Ritual wrapping and binding in contemporary southern art
From Native American sacred medicine bundles to the Jewish laying of tefillin, the rituals of wrapping and binding have held potent symbolic meaning for humans throughout history. Drawing inspiration from the traditions of various cultures, the contemporary artists in Entwined: Ritual Binding and Wrapping in Contemporary Southern Art engage wrapping and binding as symbols, as aesthetic devices, and often as a ritual practice within their work.
The technique and the symbolism of wrapping and binding in the work of these Southern artists is as varied as the artists themselves. From the magical paintings of Susan Jamison to the abstract sculptures of Sarah Zapata, there exists a common thread of ritual. For some, it is the ritual of repetitive laborious handwork. For others, it is the ritual and spiritual act of creation. Through wrapping, painting, weaving, coiling, drawing, or knotting, each artist binds their own unique and thoroughly contemporary vision to an ancient, universal, and very human practice.
Four of the artists included in this exhibition are based in Louisiana. Pridmore is a recent arrival, originally hailing from the Finger Lakes area of New York State. Her public work, St. Kampos, is currently featured in The Helis Foundation’s Poydras Corridor Sculpture Exhibition. In Entwined, she has created a site-specific sculpture, Dreams of Eve, which stands as a testament to growth and rebirth in the face of adversity. Originally from Morgan City, Elizabeth Shannon is a well-established New Orleans artist who has been actively involved in the art dialogue of the region for over fifty years. Her installation, Re-Seeking Horizons, is a sculptural commentary on Louisiana’s delicate and endangered ecosystem. Kristin Meyers is a Calabrian-American multidisciplinary artist who has lived and worked in New Orleans for over twenty-five years. With thirteen found-object sculptural figures, Meyers’s installation is an immersive meditation on energy, ecology, and spirituality. Finally, the late Jeffrey Cook, a native of New Orleans, has six sculptural works from the collection of Andy Antipas included in the exhibition. These works are powerful wrapped and bound assemblages that draw from personal experience, African Art, Louisiana Vernacular Art, and the energy and patina of the city to comment on historical, sociopolitical, and spiritual issues.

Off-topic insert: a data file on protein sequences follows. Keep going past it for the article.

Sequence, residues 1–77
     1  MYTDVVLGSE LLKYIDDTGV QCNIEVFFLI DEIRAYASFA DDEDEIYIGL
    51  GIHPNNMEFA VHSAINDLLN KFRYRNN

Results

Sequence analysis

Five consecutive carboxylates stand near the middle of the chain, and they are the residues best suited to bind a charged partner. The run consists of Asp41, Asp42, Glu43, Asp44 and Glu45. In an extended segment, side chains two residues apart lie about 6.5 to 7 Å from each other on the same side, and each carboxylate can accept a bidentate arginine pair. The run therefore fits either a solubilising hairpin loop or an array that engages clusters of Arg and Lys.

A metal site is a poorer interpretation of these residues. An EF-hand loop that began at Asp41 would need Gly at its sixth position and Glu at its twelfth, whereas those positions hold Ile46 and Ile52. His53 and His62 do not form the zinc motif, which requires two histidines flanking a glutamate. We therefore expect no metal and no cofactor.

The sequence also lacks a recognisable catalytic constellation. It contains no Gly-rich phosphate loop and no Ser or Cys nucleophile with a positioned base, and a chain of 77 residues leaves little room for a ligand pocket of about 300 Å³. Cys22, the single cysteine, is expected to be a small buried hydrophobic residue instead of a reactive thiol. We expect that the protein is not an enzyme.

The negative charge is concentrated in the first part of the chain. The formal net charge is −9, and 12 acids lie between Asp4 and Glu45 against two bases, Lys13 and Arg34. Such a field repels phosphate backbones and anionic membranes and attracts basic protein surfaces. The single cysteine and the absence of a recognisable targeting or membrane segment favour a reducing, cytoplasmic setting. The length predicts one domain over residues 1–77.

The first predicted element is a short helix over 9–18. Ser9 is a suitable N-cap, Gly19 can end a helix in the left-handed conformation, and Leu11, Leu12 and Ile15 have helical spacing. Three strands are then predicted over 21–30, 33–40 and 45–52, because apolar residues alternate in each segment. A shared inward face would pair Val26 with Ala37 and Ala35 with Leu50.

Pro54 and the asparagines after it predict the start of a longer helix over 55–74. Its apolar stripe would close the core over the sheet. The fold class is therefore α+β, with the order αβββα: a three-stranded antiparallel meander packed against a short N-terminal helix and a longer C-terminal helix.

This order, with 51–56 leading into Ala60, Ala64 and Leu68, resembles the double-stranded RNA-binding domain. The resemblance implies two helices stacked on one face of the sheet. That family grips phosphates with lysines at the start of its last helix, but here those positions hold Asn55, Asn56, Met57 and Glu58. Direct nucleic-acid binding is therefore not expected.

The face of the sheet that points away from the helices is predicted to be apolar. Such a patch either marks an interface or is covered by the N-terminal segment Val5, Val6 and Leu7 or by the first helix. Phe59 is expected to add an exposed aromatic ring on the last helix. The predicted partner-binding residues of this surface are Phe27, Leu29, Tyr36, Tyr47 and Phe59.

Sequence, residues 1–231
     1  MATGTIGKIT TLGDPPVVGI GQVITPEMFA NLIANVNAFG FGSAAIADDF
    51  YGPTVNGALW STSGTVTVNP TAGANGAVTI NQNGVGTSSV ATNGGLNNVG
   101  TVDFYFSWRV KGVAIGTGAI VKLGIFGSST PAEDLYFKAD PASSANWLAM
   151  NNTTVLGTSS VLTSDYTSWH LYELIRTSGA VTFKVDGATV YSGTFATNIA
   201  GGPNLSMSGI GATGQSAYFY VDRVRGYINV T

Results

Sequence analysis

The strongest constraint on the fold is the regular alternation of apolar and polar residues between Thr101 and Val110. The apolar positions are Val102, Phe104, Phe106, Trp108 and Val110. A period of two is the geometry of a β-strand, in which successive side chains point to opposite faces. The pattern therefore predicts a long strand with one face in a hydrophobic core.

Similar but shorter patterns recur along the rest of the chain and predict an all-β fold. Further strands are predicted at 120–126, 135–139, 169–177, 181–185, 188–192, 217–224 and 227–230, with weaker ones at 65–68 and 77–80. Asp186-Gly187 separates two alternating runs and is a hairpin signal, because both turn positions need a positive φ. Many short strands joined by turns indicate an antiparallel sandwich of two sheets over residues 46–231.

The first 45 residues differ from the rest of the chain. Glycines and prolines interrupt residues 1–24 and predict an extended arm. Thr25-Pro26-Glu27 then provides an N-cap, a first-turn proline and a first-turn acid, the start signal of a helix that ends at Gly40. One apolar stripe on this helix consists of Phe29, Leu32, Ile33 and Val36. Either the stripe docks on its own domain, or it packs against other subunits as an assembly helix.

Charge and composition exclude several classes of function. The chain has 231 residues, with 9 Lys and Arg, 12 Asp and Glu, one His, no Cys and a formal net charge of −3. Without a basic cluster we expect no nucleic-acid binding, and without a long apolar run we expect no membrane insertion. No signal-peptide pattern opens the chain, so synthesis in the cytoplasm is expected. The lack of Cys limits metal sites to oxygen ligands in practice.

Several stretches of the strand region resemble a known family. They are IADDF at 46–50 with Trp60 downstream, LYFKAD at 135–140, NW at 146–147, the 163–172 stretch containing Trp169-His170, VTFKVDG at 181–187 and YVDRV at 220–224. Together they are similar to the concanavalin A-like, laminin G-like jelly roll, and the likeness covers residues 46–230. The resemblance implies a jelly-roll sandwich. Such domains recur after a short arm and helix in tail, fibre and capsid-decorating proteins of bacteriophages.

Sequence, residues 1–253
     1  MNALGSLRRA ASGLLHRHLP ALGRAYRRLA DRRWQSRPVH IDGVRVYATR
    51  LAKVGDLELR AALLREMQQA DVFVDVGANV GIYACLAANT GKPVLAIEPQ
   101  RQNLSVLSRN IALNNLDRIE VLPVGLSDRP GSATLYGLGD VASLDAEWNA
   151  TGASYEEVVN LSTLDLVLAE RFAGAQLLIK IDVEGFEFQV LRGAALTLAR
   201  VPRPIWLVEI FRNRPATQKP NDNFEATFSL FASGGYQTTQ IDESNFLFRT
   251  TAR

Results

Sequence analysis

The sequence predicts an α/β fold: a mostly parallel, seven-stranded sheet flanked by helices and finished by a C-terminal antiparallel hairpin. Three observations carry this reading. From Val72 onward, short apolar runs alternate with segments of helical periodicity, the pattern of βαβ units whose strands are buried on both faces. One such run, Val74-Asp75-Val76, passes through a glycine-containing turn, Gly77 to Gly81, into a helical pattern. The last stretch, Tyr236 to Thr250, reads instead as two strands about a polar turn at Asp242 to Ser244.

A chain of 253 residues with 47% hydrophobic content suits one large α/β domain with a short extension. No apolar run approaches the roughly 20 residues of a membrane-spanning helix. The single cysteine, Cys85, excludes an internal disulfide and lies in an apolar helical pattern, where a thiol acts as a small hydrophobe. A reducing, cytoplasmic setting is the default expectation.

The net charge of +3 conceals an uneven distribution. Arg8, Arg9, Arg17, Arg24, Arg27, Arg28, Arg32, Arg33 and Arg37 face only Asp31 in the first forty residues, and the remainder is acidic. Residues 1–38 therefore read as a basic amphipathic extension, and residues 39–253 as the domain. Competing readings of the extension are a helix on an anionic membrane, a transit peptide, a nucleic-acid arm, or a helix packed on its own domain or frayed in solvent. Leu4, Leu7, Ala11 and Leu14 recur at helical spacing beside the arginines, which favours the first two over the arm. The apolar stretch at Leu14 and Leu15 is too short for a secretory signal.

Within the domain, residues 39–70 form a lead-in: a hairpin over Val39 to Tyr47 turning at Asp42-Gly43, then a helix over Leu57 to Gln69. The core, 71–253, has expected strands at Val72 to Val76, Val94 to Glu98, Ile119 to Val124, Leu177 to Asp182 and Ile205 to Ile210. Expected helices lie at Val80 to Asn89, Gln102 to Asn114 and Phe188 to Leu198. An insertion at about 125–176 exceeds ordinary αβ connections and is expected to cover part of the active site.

Together with other artists from across the region—Ed Williford from Mississippi, Sonya Yong James from Georgia, Susan Jamison from Virginia, Ralph and Marlow Gates of Friendswood Brooms in North Carolina, and Susan Plum, Sarah Zapata, and Sharon Kopriva from Texas—these makers follow their hands and their vision to bind meaning to objects and build contemporary visual narratives through the ancient practice of wrapping and binding.